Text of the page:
Cornerback Charles Woodson is set to make $10 million next year and that is just one reason why it would be in the Green Bay Packers best interest to part ways with the former star player.
Woodson will turn 37 next season and has a contract for two more season for a price that is far greater than his impact on or off the field. Quarterback Aaron Rodgers referred to Woodson as a "core" guy and thinks keeping him should be a priority, but the team performed better without him and he isn't among their six best defensive backs.
In their nine games without Woodson, the Packers gave up an average of 20.1 points per game, compared to the 23.3 they surrendered in nine games with him. A lot goes into that, but Woodson's individual performance was a big part of the reason.
In his nine games, opponents had an average rating of 86.9 when throwing in Woodson's direction according to Pro Football Focus, worst amongst all Green Bay defensive backs who played at least 400 snaps. Making matters worse, he was called for five penalties, tied for most on the team with Sam Shields and Tramon Williams, despite playing 113 fewer snaps than Shields and 630 less than Williams.
Of the six Green Bay defensive backs who played at least 400 snaps, Woodson had the worst rating on PFF. His decline has been steady as he received a negative grade last year and barely graded out positively two years ago.
Many believe Woodson's value comes when he blitzes, but he's graded out negatively in that area the last two years as well. His biggest contributions have actually come in run support—where he grades out as their best defensive back—but for $10 million a season, they can bring in a very good linebacker or a safety who can provide run support and coverage.
Should the Packers bring Charles Woodson back next season?
The biggest argument for Woodson is that he brings leadership to the team, but his kind of leadership is even more reason for the Packers to get him out of their locker room. I have no doubt the players in the locker room respect and listen to Woodson, but that could be bad for the team right now.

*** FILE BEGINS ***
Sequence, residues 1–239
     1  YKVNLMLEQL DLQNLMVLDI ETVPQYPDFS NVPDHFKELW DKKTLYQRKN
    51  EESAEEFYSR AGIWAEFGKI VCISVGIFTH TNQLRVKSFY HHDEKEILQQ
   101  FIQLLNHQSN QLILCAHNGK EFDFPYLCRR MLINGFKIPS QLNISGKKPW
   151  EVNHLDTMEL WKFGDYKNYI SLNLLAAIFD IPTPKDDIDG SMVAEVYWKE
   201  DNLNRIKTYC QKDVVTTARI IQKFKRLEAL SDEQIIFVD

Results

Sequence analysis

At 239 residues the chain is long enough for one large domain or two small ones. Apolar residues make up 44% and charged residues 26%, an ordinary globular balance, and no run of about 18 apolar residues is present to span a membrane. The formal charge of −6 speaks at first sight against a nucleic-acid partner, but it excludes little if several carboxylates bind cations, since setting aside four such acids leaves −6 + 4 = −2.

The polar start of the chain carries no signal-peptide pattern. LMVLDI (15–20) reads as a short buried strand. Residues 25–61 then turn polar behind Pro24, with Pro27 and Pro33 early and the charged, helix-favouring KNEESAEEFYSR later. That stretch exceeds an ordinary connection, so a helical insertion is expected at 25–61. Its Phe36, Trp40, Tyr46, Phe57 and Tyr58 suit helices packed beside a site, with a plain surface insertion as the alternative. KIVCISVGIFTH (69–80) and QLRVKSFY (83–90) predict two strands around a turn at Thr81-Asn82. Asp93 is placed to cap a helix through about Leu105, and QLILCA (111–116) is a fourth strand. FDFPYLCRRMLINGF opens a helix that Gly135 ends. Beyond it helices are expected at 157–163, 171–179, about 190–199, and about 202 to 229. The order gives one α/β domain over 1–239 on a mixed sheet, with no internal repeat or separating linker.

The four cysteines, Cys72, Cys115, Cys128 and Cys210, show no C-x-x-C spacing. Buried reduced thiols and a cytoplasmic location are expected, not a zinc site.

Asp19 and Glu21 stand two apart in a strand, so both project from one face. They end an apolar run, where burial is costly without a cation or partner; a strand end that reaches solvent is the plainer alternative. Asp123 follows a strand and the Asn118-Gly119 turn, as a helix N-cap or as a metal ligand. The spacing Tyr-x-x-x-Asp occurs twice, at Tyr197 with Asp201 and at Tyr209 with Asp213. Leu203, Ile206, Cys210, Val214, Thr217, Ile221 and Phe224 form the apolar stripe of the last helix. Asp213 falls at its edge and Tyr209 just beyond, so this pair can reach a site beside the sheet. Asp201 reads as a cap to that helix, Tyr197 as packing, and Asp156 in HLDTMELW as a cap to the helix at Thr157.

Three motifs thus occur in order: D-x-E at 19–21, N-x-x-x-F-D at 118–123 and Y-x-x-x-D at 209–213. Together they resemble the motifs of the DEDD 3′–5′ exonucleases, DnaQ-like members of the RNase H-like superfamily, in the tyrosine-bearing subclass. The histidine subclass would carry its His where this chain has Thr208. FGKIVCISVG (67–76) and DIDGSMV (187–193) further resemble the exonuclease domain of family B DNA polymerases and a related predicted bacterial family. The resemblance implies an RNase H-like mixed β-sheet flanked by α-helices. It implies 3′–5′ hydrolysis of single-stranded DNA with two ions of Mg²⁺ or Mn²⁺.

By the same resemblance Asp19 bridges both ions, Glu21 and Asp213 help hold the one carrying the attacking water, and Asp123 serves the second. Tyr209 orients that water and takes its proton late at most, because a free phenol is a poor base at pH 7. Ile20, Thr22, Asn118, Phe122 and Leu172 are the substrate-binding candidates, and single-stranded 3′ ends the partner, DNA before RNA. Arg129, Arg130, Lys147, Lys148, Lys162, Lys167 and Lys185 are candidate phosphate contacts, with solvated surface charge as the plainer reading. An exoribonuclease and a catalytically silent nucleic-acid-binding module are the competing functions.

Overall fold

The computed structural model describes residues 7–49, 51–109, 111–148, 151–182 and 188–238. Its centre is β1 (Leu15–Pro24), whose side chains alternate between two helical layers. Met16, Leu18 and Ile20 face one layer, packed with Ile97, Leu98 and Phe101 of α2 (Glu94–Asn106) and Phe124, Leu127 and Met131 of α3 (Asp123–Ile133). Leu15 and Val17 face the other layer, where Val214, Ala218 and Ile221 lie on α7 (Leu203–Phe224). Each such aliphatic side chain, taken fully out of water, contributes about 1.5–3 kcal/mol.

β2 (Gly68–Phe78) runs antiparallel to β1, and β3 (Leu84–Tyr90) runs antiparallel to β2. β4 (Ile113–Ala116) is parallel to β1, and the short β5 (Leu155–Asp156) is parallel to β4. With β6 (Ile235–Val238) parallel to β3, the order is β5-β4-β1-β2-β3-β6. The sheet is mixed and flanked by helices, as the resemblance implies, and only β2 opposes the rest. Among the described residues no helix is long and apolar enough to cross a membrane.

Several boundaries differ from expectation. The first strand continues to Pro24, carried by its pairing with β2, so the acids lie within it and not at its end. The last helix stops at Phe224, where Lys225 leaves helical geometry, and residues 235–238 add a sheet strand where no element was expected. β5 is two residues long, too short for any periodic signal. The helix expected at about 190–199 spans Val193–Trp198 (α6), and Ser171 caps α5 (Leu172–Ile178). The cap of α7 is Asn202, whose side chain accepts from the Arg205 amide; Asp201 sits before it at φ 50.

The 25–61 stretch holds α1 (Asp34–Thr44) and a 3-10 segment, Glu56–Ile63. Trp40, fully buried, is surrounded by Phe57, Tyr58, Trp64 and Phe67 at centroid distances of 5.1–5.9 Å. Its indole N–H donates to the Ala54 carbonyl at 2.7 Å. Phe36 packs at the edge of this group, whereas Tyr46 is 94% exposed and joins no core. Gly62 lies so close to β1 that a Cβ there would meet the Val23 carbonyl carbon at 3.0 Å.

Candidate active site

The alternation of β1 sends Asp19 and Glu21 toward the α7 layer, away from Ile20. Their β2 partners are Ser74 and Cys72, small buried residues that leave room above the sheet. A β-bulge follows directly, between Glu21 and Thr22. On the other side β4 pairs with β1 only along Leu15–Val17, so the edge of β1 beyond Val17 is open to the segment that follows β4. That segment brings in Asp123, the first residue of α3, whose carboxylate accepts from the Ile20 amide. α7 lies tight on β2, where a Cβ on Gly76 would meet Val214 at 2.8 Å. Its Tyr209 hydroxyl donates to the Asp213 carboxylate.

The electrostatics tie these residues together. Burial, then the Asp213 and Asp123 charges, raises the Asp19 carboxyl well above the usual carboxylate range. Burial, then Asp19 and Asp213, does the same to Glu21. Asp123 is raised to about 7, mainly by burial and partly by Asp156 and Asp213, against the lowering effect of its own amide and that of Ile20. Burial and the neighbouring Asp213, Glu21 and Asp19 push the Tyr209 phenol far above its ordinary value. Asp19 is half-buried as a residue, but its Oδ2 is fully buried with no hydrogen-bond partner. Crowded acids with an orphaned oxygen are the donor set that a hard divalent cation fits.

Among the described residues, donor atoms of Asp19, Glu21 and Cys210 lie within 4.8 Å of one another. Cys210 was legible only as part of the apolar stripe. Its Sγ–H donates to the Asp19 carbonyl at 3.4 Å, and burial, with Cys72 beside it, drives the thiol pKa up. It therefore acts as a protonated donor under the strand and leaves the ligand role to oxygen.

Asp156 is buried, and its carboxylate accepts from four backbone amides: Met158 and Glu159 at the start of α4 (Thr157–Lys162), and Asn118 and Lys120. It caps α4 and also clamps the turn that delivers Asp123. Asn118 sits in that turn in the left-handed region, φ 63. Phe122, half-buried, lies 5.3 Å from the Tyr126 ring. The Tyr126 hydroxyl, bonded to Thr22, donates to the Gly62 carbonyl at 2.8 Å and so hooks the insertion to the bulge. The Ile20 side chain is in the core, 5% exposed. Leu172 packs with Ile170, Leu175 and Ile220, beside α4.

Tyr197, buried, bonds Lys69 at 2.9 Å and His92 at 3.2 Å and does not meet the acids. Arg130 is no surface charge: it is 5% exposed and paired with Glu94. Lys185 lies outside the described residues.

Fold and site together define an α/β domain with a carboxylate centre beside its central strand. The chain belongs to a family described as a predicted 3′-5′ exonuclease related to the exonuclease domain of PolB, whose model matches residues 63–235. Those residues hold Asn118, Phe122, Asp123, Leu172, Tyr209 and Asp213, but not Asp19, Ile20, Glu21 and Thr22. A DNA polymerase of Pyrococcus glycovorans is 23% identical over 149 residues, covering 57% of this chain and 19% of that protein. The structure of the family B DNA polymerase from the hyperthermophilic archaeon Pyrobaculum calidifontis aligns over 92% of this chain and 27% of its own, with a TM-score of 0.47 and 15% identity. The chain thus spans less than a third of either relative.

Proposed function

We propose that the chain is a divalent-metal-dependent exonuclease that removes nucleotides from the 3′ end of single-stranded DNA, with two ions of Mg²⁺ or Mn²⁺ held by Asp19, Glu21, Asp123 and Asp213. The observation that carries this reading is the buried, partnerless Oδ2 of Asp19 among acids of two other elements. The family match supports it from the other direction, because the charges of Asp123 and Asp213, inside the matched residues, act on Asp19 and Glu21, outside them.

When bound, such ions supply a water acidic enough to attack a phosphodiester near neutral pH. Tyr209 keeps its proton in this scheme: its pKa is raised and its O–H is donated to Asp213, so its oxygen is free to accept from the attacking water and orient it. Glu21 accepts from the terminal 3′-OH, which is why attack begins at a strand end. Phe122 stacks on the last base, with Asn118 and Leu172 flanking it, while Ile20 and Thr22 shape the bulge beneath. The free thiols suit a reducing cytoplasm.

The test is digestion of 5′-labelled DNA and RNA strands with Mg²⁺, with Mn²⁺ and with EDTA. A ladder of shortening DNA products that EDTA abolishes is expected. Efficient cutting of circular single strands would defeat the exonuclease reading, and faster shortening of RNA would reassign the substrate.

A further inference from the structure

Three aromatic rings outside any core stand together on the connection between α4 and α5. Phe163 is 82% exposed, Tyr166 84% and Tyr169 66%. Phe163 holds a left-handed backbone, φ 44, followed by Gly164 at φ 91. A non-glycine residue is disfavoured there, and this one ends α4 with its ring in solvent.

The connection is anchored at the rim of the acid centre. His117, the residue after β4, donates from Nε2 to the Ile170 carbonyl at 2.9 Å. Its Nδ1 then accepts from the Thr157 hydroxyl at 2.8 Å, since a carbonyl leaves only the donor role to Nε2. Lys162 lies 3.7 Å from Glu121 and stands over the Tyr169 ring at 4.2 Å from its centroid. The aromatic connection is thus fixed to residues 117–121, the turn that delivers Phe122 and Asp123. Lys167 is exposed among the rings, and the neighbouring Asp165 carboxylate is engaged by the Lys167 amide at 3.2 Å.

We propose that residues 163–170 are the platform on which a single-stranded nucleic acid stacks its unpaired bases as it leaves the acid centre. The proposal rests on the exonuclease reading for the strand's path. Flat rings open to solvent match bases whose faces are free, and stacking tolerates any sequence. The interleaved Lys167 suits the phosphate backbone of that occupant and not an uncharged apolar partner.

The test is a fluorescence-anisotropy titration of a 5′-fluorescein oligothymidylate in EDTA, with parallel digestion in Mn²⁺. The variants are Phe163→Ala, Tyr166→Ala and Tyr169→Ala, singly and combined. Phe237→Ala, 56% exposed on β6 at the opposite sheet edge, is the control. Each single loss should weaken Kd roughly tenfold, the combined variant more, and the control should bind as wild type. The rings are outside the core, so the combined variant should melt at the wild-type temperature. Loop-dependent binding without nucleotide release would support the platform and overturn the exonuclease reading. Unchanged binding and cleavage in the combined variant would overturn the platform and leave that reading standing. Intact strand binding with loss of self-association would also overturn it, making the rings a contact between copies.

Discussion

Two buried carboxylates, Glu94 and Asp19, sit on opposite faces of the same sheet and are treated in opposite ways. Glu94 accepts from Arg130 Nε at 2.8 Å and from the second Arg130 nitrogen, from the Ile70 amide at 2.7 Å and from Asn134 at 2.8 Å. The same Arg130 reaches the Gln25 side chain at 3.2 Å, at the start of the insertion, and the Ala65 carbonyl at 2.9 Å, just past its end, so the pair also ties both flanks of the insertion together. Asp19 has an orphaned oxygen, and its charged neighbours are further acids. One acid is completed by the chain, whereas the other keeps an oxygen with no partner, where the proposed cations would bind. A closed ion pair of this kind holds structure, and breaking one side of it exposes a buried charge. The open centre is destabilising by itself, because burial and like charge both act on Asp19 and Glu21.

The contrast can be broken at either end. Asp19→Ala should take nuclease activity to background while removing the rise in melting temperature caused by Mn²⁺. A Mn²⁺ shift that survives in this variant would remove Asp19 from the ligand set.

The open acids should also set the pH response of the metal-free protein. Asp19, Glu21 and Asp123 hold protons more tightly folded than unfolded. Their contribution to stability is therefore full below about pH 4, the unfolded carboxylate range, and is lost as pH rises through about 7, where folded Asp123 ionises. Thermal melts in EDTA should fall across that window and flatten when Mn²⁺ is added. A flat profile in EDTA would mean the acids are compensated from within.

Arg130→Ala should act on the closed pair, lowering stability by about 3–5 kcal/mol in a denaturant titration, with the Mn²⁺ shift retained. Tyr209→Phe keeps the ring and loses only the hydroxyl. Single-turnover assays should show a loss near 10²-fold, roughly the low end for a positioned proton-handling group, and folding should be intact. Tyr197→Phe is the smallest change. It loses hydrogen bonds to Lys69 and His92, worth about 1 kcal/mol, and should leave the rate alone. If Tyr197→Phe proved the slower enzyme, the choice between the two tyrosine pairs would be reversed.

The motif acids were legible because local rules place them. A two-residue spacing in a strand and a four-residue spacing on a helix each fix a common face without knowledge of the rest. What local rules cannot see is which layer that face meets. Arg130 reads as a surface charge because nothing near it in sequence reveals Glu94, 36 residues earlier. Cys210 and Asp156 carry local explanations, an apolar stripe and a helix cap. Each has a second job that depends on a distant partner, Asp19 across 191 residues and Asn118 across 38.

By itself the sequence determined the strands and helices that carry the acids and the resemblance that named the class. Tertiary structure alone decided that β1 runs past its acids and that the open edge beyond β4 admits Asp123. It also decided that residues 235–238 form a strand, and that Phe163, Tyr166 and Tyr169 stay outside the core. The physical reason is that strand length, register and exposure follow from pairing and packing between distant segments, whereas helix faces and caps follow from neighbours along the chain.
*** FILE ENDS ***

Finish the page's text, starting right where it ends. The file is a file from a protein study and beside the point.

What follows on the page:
After their loss to the San Francisco 49ers in the divisional round of the playoffs Woodson was critical of defensive coordinator Dom Capers. This came less than a month after he went out of his way to refute Bears' receiver Brandon Marshall's claim that Capers was the most important person to the Packers' defense. Woodson has criticized Capers in the past as well, making it clear he does not like or respect his coach.
Many believe Woodson led a revolt against then Oakland Raiders head coach Bill Callahan in 2003 as the Raiders went 4-12 a year after going to the Super Bowl. Like with Capers, Woodson had to problem criticizing his coach in public. Maybe Woodson has grown up, but the Packers can't take a chance on him turning the locker room against Capers. Bad things happen when players revolt against coaches.
Some suggest the Packers should renegotiate Woodson's contract and keep him on at a cheaper price, but—even if he is willing to take a pay cut—it seems unlikely it will be significant. It almost certainly wouldn't reflect the kind of player he is at this point in his career.
Woodson's situation isn't unlike what Donald Driver went through last offseason. He isn't one of their best defensive backs and his playing time should reflect that if he returns next season. The difference, however, is that there is no reason to believe Woodson will be OK with a reduced role, especially playing for a coach he doesn't respect.
With his salary cap number, play on the field and potential disruption in the locker room, the Packers decision on Woodson should be easy. They are best off cutting ties with him now before he can do any more damage on the field or off of it.